A food chain is a sequence of organisms, each of which feeds on a type of organism from the preceding trophic level. However, food chains do not give an accurate picture of the complex feeding relations that exist between each trophic level. So, to have a better understanding of these feeding relations ecological pyramids are used – for example, pyramids of biomass. A pyramid of biomass shows the relationship between biomass and trophic levels by quantifying the amount of biomass present at each trophic level. The percentage of usable energy transferred as biomass from one trophic level to another level is called ecological efficiency and it is typically of 10% i.e. 90% of biomass is lost through not all of the organism being eaten, faeces and through respiration.
To study and analyse the relation between biomass and trophic levels i.e. of ecological efficiency and to construct a pyramid of biomass, a small area in a clearing in St.Julian’s school’s wooded area was investigated.
I expected to obtain a normal upright pyramid of biomass, as biomass decreases at each trophic level. This occurs because the transfer of energy from the producers to the primary consumers and between the consumers is inefficient i.e. energy is lost between each trophic level through all of the organisms not being eaten, through faeces, through loss of energy as heat or because it has been used as a fuel in respiration. Therefore, I expected a transfer of about 10% of biomass between each trophic level, as according to official values, and so to obtain an upright pyramid of biomass, as the one shown below:
However, the results obtained might not be 100% accurate because the experiment was not carried out accurately or fairly i.e. the data was not collected randomly (the quadrat was not thrown randomly, it was placed on a selected area) and only one set of data was collected (the quadrat was only placed and observed once).
* Empty envelope
* 2 empty jars
1. Weigh empty containers (envelope for vegetation small jars for organisms). Record the weight.
2. Identify a food chain in the wooded area.
3. Remove vegetation, using the scissors, and place it inside the envelope.
4. Place herbivores and carnivores in separate jars.
5. Reweigh envelope and record weight.
6. Reweigh jars and record weight.
7. Release the herbivores and carnivores back into their habitat. *
8. Put envelope in the oven at 105C.
9. Reweigh envelope and record its weight.
* Animals released back into their habitat due to environmental and ethical reasons.
Containing fresh mass /g
Containing dry mass /g
Jar 1 (herbivores)
Jar 2 (carnivores)
Fresh mass /g
Dry mass /g
Biomass / g per 1/4 m *
Carnivores (secondary consumers)
52.36 – 18.50= 33.86g
38.21 – 18.50= 19.77g
33.06 x 1/4 = 8.47g
Primary consumers (herbivores)
52.59 – 52.55= 0.04g
0.04 x 1/4 = 0.01g
Secondary consumers (carnivores)
52.77 – 52.75= 0.02g
0.02 x 1/4 = 0.005g
The results pyramid of biomass obtained demonstrates that the analysed food chain obeys the general trend of transfer of energy as biomass between each trophic level i.e. as the pyramid goes up there is less and less biomass because energy is lost between each trophic level through not all of the organisms not being eaten, through faeces, through loss of energy as heat or because it has been used as a fuel in respiration, as stated in the hypothesis.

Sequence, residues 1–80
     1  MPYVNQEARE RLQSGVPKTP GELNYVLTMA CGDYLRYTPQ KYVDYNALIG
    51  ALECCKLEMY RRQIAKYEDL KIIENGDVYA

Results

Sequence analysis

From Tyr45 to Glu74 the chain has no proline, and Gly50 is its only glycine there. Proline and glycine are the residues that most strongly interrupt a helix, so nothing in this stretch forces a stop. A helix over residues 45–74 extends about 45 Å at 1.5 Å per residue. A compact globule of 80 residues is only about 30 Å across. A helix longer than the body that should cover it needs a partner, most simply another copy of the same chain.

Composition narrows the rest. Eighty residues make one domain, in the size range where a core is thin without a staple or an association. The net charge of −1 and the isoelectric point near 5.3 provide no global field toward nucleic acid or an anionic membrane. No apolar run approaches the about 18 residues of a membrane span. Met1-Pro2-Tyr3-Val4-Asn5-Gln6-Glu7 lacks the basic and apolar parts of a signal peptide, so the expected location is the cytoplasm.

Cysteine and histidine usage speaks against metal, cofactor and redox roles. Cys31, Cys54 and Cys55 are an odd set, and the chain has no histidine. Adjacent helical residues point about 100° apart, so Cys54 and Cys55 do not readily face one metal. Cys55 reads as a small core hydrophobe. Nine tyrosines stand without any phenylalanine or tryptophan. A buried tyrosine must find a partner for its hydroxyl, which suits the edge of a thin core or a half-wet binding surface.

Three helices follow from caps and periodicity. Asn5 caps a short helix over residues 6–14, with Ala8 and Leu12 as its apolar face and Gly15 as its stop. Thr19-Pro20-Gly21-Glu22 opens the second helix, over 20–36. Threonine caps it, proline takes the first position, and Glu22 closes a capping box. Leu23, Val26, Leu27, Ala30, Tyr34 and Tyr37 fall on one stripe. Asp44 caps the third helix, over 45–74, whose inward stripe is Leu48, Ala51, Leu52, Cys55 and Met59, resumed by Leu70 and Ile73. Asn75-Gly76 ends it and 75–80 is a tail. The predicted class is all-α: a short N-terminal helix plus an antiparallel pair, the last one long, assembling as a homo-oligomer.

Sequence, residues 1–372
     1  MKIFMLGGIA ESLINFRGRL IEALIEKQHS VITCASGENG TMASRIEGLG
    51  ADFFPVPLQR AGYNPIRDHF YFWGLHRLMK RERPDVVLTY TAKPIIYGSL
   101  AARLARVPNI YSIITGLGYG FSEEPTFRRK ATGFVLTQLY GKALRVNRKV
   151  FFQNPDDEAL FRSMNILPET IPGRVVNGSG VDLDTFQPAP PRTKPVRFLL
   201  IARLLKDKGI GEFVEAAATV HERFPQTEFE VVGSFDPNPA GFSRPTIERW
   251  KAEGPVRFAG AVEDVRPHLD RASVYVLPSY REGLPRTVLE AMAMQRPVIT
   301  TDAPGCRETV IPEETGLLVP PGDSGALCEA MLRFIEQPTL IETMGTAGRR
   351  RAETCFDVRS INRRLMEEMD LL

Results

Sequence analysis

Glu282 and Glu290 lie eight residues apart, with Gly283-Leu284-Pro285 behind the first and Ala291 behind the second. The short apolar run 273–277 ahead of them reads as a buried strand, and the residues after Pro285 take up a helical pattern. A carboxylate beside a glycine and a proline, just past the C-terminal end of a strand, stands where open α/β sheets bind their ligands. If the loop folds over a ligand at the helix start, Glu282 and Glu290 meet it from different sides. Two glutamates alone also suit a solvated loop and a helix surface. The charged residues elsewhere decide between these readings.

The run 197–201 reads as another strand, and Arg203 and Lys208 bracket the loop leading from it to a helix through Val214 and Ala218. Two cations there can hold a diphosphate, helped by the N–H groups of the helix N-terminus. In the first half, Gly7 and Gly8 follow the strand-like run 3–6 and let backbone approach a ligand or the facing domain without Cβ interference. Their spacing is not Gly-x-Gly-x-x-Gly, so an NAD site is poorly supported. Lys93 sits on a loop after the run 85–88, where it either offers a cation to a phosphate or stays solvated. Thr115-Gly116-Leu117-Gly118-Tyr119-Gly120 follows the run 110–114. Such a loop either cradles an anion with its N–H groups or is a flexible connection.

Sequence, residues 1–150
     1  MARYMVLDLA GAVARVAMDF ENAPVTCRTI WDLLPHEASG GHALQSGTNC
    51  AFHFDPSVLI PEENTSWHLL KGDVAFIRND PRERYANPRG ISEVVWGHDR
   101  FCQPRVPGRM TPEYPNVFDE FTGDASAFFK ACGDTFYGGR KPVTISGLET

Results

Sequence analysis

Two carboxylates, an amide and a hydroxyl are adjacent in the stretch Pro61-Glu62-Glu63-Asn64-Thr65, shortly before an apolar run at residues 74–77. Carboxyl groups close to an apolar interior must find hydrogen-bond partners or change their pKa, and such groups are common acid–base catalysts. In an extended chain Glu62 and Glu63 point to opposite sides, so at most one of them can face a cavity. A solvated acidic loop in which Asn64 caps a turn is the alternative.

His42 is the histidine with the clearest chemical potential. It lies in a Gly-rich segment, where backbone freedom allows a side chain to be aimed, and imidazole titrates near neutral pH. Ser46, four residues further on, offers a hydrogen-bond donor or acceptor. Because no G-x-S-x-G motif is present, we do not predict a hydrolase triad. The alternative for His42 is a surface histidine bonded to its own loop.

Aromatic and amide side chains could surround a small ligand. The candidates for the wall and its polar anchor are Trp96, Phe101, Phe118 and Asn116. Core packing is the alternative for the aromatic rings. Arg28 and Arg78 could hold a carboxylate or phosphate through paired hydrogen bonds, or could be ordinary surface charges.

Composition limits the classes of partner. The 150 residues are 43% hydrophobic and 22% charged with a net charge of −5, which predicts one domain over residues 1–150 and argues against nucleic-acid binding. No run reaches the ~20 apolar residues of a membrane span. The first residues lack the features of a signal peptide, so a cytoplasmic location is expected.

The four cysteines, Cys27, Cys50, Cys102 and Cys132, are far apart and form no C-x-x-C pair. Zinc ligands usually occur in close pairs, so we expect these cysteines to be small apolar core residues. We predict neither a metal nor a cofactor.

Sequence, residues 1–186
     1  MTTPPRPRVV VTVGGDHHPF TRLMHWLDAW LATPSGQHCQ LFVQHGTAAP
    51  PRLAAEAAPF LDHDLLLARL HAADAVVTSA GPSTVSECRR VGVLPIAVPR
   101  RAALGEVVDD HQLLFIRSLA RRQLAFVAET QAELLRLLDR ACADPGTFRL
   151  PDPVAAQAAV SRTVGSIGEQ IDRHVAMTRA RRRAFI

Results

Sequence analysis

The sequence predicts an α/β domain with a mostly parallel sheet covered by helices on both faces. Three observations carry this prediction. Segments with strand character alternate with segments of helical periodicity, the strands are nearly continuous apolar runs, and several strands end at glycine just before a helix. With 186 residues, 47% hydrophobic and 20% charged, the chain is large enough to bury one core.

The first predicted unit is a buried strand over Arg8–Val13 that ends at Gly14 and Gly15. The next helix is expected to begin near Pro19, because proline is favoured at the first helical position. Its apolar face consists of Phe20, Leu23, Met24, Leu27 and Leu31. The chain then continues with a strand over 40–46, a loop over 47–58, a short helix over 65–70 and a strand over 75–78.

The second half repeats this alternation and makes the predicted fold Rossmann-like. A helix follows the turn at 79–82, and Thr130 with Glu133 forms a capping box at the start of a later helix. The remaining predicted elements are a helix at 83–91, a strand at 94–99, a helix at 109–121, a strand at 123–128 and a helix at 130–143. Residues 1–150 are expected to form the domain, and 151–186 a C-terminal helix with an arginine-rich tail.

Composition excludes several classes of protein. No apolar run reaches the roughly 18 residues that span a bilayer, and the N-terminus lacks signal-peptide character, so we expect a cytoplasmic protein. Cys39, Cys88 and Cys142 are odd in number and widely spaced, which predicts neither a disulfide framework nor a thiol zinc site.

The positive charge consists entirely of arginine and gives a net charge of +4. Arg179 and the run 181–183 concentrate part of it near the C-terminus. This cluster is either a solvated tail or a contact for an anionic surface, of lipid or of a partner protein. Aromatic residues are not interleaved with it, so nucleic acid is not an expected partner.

However, according to data in table 2, between 1st (producers) and the 2nd trophic level (herbivores) there was only a transfer of 0.12% energy. And, between the 2nd (herbivores) and the 3rd trophic level (carnivores) there was a transfer of 50% of energy.
Therefore, the results obtained do not correspond to the official data – 10% of energy passed on between each trophic level and, consequently, 90% lost. This is because the experiment was not accurately nor fairly carried out, as was mentioned in the hypothesis.
The experiment, as stated above, was extremely inaccurate due to many factors.
The experiment was not accurate because the data was not collected randomly (the quadrat was not thrown randomly, it was placed on a selected area). Also, only one set of data was obtained as the quadrat was only placed and observed once, whereas more samples should have been obtained to get mean values.
During the collection of samples, animals might have escaped from the studied area (quadrat 1/4 m ), so the data might be incomplete. Also, not all vegetation was removed – roots should have also been removed – which means that there will be an underestimation of the biomass of the vegetation.
Also, the animals collected were not dried due to ethical reasons therefore the biomass will be overestimated.
When weighing the envelopes, the weight was constantly changing as the envelopes were bigger than the balance – smaller envelopes should have been used to get more accurate results.
The pyramid of biomass was not drawn according to values of dry mass, as the animals were not dried (due to environmental and ethical reasons), which means that values are overestimated and, ultimately, inaccurate.